The dismaying acceleration of ice sheet melting in both Greenland and Antarctica threatens to raise global sea levels by more than two meters (6.6 feet) by the end of this century, which is a much faster rate than predicted back in 2013.

A new scientific study released this week blamed the much faster ice melt on the continuing emissions of heat-trapping greenhouse gases (GhG) such as carbon dioxide and methane. The study noted that raising sea levels by two meters will submerge most coastal cities in Asia, as well as many major coastal cities such as New York, Los Angeles and Shanghai. Rampant sea level rise will displace up to 187 million people living at or near coastal areas, or 2.5 percent of the world's total population.

The study published in the journal Proceedings of the US National Academy of Sciences revealed that under the extreme-case scenario, about 1.79 million square kilometers (691,120 square miles) will be swallowed-up by rising seas. This lost land is equivalent to an area more than three times the size of California.

In the worst case scenario where global temperatures increase by 5 degrees Celsius (9 degrees Fahrenheit) by 2100, the two meter rise in sea level will be double the upper limit outlined by the UN climate science panel's last major report.

This report in 2013 predicted sea levels will rise between 52 cm and 98 cm (20.4 inches and 38.5 inches) by 2100 at the current trajectory. Many experts, however, rejected these estimates as conservative.

The outcome of the two meter rise in sea levels will be "catastrophic," said the study.

"It really is pretty grim," said study lead author Jonathan Bamber, a Professor of Physical Geography at the University of Bristol. "Two meters is not a good scenario."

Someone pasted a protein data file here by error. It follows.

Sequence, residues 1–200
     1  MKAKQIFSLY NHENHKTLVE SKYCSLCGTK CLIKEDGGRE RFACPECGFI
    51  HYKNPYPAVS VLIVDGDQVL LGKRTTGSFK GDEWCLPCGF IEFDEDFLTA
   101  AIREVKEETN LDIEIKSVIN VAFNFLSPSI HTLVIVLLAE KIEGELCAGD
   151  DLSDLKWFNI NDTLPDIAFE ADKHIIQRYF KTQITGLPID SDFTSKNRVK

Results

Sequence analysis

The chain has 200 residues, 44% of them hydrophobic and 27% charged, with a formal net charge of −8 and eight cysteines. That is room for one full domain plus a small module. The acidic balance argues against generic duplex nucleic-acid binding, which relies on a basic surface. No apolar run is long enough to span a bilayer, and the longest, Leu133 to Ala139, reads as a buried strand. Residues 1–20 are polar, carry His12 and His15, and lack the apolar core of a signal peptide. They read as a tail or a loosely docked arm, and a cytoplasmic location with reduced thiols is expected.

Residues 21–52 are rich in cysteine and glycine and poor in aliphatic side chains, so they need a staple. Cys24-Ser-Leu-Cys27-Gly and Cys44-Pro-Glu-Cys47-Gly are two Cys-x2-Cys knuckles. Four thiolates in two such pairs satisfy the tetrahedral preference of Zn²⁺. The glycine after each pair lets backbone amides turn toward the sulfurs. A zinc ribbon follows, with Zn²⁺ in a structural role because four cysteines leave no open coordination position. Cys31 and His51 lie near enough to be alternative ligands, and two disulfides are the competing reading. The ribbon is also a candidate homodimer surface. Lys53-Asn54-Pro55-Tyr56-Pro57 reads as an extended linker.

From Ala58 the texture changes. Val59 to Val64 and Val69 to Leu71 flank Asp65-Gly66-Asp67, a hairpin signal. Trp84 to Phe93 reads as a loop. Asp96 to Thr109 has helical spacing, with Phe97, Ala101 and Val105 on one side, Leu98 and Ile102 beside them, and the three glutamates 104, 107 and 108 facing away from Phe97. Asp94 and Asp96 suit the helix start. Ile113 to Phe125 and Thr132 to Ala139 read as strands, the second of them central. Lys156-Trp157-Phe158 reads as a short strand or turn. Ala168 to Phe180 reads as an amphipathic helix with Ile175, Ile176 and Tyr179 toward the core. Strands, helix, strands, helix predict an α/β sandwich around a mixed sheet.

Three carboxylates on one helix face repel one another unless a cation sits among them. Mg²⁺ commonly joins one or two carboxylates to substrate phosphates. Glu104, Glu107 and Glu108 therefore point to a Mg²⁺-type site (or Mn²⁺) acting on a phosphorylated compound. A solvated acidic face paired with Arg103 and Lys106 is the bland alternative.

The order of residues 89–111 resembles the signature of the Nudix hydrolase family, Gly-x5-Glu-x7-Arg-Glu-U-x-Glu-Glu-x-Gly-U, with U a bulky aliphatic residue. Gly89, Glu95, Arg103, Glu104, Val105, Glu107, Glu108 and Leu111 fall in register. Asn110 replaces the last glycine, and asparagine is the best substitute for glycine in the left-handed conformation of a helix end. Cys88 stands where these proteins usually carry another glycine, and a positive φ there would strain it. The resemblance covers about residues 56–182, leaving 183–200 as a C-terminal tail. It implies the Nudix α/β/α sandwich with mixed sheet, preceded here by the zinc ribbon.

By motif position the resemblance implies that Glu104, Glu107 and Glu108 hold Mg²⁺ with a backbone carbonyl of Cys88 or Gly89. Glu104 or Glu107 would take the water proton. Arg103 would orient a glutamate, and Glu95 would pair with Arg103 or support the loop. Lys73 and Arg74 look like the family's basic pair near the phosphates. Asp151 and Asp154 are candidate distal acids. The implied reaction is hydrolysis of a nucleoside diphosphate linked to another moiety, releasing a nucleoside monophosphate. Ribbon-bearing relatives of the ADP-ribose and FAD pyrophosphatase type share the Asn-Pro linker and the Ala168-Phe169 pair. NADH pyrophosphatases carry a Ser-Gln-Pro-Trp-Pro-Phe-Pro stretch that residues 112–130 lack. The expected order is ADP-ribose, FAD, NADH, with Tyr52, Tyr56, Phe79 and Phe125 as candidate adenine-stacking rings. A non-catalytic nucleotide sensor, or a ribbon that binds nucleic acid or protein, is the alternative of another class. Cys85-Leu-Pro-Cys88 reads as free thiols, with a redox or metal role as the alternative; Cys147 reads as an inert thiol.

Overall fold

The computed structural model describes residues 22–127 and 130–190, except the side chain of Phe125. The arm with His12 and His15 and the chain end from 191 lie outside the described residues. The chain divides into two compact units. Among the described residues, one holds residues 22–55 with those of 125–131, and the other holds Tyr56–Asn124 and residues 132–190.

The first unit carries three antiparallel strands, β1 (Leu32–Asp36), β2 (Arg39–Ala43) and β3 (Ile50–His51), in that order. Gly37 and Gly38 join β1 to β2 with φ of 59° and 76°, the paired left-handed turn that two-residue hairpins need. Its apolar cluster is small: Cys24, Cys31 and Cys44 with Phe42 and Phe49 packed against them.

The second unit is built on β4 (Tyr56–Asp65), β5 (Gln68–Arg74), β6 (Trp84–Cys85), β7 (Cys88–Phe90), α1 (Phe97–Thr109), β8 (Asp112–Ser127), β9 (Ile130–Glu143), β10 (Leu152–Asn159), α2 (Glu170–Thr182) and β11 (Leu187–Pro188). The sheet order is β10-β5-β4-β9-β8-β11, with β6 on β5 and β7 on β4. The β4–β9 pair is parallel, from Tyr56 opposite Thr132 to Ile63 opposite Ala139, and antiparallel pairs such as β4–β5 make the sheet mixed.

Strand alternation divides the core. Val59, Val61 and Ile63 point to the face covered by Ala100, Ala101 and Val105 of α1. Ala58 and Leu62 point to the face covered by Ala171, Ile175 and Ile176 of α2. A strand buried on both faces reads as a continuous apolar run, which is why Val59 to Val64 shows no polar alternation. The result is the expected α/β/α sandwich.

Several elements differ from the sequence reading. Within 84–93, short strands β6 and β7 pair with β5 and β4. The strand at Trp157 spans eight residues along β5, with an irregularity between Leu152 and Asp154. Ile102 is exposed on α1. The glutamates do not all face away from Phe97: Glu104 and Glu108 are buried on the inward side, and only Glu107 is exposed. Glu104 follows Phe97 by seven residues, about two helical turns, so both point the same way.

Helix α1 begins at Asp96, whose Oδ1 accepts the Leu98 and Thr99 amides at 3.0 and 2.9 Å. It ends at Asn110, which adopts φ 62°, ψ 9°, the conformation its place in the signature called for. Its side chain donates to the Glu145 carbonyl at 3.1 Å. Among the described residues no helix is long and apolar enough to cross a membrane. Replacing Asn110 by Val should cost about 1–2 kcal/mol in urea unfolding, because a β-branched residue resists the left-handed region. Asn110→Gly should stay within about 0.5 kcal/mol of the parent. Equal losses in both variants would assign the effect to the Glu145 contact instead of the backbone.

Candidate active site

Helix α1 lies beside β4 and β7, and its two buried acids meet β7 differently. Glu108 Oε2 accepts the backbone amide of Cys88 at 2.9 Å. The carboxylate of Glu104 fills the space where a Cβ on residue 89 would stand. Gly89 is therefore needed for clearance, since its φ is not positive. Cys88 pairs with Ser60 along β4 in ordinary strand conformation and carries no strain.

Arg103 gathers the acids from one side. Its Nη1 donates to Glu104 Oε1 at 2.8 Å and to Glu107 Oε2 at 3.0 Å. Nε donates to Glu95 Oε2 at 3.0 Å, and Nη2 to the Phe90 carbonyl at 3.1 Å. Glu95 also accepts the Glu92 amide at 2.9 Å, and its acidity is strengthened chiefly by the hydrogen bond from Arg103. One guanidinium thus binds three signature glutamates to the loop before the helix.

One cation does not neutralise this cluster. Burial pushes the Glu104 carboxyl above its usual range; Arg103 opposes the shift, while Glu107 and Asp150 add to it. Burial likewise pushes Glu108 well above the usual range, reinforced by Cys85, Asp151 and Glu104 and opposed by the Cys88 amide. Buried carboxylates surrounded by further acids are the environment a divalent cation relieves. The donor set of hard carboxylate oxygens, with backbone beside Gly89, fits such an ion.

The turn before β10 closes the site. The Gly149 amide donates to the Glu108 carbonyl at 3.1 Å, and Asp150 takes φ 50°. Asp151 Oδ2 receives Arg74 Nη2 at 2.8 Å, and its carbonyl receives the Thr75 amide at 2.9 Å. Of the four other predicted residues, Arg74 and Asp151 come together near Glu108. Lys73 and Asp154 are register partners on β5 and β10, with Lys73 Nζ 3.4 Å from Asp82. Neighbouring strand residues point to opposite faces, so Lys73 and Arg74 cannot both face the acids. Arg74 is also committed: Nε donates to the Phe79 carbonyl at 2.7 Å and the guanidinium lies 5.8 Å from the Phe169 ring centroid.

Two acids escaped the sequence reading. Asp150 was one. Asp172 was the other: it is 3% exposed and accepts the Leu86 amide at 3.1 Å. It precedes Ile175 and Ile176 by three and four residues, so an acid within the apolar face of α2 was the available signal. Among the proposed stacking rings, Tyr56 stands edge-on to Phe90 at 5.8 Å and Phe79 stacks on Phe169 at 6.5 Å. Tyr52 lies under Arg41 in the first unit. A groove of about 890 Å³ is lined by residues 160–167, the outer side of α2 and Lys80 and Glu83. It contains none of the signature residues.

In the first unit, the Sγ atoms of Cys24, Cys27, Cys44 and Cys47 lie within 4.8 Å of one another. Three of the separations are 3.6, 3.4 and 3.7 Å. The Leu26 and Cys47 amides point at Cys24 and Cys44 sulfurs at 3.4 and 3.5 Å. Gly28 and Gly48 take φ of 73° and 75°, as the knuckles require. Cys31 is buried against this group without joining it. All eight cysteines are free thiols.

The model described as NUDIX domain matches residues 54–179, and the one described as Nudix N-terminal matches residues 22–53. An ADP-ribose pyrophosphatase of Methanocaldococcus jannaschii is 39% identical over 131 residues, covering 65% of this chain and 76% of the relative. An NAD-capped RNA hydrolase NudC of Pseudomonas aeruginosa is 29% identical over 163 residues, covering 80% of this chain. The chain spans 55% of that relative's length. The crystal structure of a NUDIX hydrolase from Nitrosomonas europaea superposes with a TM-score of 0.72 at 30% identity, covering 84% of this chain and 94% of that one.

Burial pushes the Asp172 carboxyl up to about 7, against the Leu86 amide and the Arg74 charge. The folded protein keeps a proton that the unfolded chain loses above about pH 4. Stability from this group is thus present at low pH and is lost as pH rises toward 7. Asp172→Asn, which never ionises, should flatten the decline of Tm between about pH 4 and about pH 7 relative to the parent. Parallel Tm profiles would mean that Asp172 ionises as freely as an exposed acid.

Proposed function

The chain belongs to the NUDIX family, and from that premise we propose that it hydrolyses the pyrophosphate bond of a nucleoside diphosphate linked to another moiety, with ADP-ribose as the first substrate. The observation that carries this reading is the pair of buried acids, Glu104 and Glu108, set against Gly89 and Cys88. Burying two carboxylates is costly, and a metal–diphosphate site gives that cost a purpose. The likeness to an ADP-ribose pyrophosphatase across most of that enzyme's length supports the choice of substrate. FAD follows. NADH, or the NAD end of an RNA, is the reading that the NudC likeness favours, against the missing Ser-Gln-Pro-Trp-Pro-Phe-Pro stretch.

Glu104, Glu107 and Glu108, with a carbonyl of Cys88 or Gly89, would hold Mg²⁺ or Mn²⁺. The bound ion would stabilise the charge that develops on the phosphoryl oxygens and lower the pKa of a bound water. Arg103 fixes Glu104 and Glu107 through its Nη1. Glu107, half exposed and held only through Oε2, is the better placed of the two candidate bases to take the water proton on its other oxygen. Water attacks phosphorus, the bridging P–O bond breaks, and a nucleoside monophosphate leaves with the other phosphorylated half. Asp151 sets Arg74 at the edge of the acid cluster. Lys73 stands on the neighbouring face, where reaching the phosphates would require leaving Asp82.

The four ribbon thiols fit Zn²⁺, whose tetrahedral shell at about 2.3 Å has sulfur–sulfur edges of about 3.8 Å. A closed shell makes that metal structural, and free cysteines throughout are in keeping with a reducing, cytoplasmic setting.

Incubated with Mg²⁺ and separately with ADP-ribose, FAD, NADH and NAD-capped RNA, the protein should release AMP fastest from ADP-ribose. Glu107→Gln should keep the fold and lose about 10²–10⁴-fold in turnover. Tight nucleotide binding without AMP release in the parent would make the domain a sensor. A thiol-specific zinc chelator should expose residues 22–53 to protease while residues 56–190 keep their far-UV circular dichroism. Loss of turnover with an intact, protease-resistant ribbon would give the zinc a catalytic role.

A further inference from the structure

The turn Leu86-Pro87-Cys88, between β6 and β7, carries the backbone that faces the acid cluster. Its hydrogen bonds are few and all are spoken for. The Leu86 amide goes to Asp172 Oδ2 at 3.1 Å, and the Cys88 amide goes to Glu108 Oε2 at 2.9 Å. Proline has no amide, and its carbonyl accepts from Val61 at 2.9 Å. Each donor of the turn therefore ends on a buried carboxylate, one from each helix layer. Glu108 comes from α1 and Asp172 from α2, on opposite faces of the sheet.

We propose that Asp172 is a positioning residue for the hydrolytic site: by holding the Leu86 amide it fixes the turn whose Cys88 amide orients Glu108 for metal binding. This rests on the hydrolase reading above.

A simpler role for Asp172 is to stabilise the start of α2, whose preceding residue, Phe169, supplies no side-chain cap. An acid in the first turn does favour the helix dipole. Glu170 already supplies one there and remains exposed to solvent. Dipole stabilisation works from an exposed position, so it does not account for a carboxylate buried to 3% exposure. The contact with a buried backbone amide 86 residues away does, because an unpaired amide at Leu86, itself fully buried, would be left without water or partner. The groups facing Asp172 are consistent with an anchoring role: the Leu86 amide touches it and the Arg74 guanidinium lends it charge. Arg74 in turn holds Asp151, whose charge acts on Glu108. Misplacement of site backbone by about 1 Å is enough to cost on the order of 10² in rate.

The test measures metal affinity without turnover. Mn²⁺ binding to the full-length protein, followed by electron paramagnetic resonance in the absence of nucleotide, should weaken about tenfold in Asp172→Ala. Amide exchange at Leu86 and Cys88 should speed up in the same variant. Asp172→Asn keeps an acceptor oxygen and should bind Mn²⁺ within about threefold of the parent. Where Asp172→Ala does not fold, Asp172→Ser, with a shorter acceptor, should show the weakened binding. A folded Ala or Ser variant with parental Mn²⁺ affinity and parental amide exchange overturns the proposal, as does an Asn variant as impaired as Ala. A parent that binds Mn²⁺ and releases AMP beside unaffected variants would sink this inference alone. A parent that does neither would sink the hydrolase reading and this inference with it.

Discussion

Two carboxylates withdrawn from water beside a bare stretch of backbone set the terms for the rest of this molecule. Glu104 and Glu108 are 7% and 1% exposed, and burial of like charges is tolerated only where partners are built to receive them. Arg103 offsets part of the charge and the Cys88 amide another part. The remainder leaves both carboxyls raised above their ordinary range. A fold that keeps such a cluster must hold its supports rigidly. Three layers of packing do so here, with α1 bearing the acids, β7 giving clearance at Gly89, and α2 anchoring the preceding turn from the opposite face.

Bamber said the mass displacement of people in low-lying coastal areas will likely trigger serious social upheavals worldwide. It’s also an "existential threat" to small island nations in the Pacific, which either be submerged or left uninhabitable.

The study, however, acknowledges only a 5 percent chance of the worst-case scenario occurring, but it says this shouldn’t be dismissed.

"Our study suggests that there is a real risk, a plausible risk of very substantial sea level rise coming from both ice sheets," said Bamber.

Global warming
Large ice sheets of Greenland and the Antarctic have been melting faster and may displace up to 2.5 percent of the world's current population due to extreme flooding and sea level rise. Pixabay

This disaster can still be avoided but only by a very narrow margin. Bamber said that what countries need to do collectively as a species politically, globally, over the next decade is going to determine the future of the next generations in terms of the habitability of the planet and what sort of environment they live in.

The two meter rise predicted might also be conservative since scientists say the current models used to predict the influence of massive melting ice sheets are flawed and don’t capture all of the associated uncertainties.